Team photo of the Small Animal Reproductive staff
From left to right: Dr. Luis de Aguiar, Dr. Audrey Kelleman, Dr. Eduardo Arroyo, and Juliana McKamey

The Reproduction service at the UF Small Animal Hospital is committed to providing exceptional care to your pet. Services from pre-breeding assessment, vaginal or endoscopic transcervical (TCI) insemination, to pregnancy evaluation through post-partum care are offered in addition to:

  • Progesterone determination
  • Brucella canis testing
  • Semen collection, evaluation, and cooled shipment
  • Ultrasonography and radiology for both males and females
  • Addressing infertility issues for both males and females

Your pet will receive the highest quality of care from our board-certified veterinarian (specialized in reproduction/theriogenology), staff veterinarian, trained veterinary technician and possibly a veterinary student. Appointments are typically scheduled Monday through Friday between 12:30 p.m. and 3:30 p.m. We are located within the UF Small Animal Hospital at 2015 SW 16th Avenue, Gainesville, Florida 32608. To make an appointment, please call us at (352) 392-2235 and a dedicated Small Animal Reproduction representative will return your call to discuss further and schedule a specific appointment date and time.

Please note that while every effort is made to assist your pet in achieving pregnancy, veterinary involvement does not guarantee pregnancy. For additional information, please read more below or jump to the following Small Animal Reproduction sections:

What to Expect
Canine Brucellosis Resources

Frequently Asked Questions

Do I need a referral from my veterinarian?
A referral from a family veterinarian is not required. However, we would prefer to work with your family veterinarian to provide you and your pet with the most comprehensive veterinary care.

What should I bring?
Please bring your pet’s medical records especially if this is your first visit for female dog breeding management or male dog fertility testing or have them emailed to Medical records should include vaccine status, heartworm test results, and breeding or genetic test results if already completed elsewhere. See for specific breed health testing information.

Will my pet be sedated? Do I need to fast him or her?
Although needing sedation is uncommon, it may be necessary for certain procedures. If your pet will need to be sedated, they should not eat after midnight the night before. However, it is important to give medication, if applicable, at the normal scheduled time. Water is always okay up until the appointment. Our team will provide specific instruction the day before your appointment in case fasting is required for your pet’s visit.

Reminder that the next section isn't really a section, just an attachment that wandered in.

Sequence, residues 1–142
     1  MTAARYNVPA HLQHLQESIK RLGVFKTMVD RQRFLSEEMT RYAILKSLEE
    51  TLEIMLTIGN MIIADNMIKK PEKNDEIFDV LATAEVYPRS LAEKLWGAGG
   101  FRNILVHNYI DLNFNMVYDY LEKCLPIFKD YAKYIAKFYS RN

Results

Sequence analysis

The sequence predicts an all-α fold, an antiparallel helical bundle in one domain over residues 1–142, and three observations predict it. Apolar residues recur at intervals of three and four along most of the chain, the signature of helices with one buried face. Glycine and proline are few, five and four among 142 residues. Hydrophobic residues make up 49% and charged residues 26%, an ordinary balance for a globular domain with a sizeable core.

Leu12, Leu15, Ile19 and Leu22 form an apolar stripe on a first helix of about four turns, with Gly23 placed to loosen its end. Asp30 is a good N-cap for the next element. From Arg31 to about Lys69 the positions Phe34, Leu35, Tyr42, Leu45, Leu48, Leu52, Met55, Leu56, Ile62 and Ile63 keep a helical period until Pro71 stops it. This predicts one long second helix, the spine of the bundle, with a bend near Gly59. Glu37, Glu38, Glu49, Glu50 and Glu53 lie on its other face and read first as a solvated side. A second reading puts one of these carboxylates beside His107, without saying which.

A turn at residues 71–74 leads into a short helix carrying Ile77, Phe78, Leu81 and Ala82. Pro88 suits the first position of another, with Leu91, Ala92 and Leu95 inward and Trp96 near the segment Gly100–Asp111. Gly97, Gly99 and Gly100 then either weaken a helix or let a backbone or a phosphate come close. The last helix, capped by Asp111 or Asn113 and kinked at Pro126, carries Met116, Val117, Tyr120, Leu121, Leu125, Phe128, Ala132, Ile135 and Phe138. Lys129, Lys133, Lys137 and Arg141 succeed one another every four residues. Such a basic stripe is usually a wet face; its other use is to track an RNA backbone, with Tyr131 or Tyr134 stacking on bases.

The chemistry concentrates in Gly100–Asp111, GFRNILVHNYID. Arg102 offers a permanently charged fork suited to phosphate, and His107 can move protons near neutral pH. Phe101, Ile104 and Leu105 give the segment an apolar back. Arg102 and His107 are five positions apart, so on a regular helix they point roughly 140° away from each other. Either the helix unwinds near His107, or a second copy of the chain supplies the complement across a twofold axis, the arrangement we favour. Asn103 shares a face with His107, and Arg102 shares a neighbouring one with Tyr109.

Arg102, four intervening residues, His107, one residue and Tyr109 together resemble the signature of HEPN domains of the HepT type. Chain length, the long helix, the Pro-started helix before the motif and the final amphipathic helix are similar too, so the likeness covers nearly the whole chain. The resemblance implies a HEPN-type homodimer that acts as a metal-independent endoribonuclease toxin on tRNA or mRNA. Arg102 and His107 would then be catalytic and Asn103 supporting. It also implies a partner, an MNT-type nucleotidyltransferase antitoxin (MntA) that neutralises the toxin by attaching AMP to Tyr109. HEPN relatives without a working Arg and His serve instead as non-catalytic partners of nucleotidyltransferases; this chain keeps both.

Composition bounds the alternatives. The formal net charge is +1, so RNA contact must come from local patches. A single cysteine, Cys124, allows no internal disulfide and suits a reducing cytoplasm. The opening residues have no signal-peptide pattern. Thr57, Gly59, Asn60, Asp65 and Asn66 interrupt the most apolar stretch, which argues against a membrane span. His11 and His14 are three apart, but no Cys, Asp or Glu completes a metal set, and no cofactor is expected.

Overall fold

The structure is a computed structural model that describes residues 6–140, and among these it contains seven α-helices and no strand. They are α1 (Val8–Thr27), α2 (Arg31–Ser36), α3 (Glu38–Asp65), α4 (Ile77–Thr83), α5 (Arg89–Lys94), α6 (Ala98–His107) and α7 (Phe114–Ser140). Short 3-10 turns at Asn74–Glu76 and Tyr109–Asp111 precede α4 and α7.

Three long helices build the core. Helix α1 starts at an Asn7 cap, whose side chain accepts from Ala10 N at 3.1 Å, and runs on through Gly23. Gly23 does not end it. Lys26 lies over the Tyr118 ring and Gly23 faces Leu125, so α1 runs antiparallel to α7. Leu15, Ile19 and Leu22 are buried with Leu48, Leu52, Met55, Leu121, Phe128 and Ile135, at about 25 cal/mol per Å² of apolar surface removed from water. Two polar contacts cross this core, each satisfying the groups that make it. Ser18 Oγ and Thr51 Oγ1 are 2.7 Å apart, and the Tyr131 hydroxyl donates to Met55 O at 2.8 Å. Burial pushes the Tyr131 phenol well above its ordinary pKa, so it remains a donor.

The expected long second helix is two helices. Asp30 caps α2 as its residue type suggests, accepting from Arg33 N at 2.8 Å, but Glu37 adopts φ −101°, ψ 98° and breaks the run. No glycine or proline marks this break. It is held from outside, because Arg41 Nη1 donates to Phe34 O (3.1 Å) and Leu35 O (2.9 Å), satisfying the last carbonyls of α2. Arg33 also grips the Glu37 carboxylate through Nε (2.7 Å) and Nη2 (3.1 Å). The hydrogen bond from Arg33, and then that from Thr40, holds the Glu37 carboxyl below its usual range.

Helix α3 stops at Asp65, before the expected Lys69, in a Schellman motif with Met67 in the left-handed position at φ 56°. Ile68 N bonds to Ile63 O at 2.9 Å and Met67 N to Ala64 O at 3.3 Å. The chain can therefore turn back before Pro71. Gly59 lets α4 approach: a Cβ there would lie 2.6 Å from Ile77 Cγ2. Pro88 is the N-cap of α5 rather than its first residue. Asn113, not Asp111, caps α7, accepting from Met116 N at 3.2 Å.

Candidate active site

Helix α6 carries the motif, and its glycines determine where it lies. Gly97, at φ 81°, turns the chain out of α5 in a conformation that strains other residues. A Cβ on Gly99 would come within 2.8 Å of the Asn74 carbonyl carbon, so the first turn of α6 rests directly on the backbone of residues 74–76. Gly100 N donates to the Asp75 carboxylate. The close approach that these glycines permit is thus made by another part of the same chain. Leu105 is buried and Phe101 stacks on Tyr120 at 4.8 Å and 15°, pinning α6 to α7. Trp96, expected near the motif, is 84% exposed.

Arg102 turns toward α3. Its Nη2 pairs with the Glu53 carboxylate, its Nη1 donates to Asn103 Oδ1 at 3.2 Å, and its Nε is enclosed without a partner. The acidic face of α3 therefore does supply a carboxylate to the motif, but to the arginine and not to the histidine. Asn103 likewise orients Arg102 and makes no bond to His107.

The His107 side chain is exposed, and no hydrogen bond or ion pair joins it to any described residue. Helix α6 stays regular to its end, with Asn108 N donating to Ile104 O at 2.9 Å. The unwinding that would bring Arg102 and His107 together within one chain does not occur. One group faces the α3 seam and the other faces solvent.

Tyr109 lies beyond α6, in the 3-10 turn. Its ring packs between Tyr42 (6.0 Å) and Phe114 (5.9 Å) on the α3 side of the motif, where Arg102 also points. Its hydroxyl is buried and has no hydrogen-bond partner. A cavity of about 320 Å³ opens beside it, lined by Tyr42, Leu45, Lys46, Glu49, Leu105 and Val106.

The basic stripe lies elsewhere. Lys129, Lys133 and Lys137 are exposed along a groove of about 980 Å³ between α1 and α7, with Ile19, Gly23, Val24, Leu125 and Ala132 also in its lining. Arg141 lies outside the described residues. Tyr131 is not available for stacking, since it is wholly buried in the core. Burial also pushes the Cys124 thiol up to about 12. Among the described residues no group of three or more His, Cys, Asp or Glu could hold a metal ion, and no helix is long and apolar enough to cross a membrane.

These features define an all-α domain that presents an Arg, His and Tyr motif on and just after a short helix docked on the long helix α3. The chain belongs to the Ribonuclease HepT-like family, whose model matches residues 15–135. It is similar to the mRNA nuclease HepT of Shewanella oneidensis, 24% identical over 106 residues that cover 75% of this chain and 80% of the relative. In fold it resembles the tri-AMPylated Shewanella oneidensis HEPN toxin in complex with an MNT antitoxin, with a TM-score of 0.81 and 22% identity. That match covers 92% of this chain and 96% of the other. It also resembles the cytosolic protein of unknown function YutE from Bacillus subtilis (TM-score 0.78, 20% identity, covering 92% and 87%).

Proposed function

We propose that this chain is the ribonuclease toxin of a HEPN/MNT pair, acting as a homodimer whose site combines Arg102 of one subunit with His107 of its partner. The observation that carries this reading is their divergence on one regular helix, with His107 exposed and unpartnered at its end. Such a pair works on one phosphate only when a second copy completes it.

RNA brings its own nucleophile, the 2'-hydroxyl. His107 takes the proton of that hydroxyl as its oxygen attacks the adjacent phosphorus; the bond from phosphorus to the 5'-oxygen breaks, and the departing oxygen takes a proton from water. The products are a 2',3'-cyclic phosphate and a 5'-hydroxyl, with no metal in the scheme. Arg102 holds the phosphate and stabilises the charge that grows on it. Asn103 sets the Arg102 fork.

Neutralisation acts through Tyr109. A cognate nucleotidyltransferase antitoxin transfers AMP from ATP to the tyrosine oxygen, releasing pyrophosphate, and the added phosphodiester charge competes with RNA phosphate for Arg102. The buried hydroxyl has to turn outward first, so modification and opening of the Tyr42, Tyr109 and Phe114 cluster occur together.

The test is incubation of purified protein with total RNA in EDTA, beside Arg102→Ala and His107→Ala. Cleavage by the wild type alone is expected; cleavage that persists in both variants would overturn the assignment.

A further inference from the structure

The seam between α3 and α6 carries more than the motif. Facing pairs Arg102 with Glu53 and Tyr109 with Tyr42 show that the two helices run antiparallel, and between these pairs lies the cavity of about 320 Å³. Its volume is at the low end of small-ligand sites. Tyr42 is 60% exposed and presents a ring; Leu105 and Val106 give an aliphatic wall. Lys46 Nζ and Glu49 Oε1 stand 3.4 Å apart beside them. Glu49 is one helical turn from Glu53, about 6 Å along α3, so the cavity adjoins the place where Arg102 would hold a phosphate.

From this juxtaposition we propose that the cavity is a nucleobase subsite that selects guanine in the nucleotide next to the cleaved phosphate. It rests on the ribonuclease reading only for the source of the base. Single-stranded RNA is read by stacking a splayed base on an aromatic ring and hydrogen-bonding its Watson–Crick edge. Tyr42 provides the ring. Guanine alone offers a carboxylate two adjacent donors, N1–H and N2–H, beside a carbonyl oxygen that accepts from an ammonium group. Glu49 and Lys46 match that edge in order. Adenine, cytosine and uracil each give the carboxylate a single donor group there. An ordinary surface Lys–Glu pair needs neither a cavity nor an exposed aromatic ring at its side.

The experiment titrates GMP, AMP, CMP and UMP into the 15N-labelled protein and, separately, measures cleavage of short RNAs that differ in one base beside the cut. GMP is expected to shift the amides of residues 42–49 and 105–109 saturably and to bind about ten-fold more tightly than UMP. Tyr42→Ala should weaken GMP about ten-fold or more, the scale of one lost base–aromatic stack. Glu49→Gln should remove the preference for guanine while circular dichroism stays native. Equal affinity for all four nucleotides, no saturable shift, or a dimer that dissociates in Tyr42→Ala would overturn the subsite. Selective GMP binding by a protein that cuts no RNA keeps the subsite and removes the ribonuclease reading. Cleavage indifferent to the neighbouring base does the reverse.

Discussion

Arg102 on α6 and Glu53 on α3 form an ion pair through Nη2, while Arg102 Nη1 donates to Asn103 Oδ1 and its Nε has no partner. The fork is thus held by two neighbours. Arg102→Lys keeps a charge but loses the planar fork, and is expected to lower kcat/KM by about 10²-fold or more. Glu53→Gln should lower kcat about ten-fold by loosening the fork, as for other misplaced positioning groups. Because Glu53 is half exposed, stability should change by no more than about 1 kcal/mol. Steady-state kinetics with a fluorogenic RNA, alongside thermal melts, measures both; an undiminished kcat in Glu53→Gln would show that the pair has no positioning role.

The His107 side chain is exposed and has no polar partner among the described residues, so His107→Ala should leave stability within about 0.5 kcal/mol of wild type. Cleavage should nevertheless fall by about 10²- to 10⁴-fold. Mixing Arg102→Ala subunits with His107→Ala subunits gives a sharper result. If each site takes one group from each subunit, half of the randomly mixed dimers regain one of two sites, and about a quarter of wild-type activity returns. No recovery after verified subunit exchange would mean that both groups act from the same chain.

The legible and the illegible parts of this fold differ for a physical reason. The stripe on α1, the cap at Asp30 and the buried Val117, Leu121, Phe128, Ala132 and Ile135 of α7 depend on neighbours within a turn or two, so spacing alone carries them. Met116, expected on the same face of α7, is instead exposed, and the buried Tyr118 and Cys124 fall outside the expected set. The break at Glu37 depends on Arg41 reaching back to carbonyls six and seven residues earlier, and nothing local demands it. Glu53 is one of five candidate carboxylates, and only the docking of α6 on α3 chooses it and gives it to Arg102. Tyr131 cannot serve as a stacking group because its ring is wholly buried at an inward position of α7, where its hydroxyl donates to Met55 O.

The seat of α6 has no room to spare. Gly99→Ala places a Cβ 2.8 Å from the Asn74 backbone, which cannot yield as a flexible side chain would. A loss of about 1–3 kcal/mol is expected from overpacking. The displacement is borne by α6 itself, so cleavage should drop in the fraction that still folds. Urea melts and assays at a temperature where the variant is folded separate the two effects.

Why should an evaluation for breeding be conducted?
Every breed of dog or cat has its own health concerns for which screening evaluation(s) should be performed. This will help to lower the risk of genetic or congenital defects for the offspring.

For dogs, please visit The Canine Health Information Center site for the required or suggested pre-breeding health testing by breed. Per hospital policy, current Brucella canis testing is required of all breeding male and female dogs. Brucella canis testing is available through UF with results usually available within a week.

For the female dog, ensuring that insemination is performed or mating scheduled during the most fertile period is important. During heat, timing of ovulation is done by testing for the hormone progesterone. Evaluation of vaginal cytology can also play a role in the evaluation of the cycle and for identification of infection. Initial progesterone testing is recommended during the latter part of the first week of heat. Please note that the average minimum age a female dog is eligible for breeding through our department is 18 months.

When should I contact UF for appointments?
Please let us know when you expect your pet to be in heat. For routine breeding management and for timing of ovulation, it is recommended that your pet be initially examined during the latter part of the first week of heat. For infertility cases, please contact us for timing advice.

What is involved in a pregnancy evaluation?
Once breeding has occurred, we recommend ultrasound testing about one month later. If pregnant, this is followed by radiographs during the last 7 to 10 days of gestation. Ultrasonography will provide determination of pregnancy status and assessment of embryonic or fetal health. Litter number and size is best determined by the late gestation radiographs. Both ultrasonography and radiology examinations are important in assessing the pregnancy and whelping plan.

Do you perform any genetic or routine health testing for breeding dogs?
Yes, other specialty services located at the UF Small Animal Hospital perform OFA (hips, elbows, and other) certifications, cardiac (heart) screens, BAER (hearing) testing, and CERF (eye) evaluations. We often can arrange with the other specialty services to accommodate another appointment or consult during one visit, but please inquire further with Small Animal Reproduction for more information.

Our Team


Audrey A Kelleman

Audrey A Kelleman DVM, DACT

Clinical Associate Professor; Residency Coordinator
Luis H de Aguiar

Luis H de Aguiar PhD

Clinical Associate Professor
Eduardo Arroyo

Eduardo Arroyo DVM, MSc., DACT

Clinical Assistant Professor
Juliana McKamey

Juliana McKamey

Veterinary Assistant
Joy Russolillo

Joy Russolillo DVM

Maya Hester

Maya Hester BS, CVPM

Assistant Manager

Meet our: Faculty Clinicians



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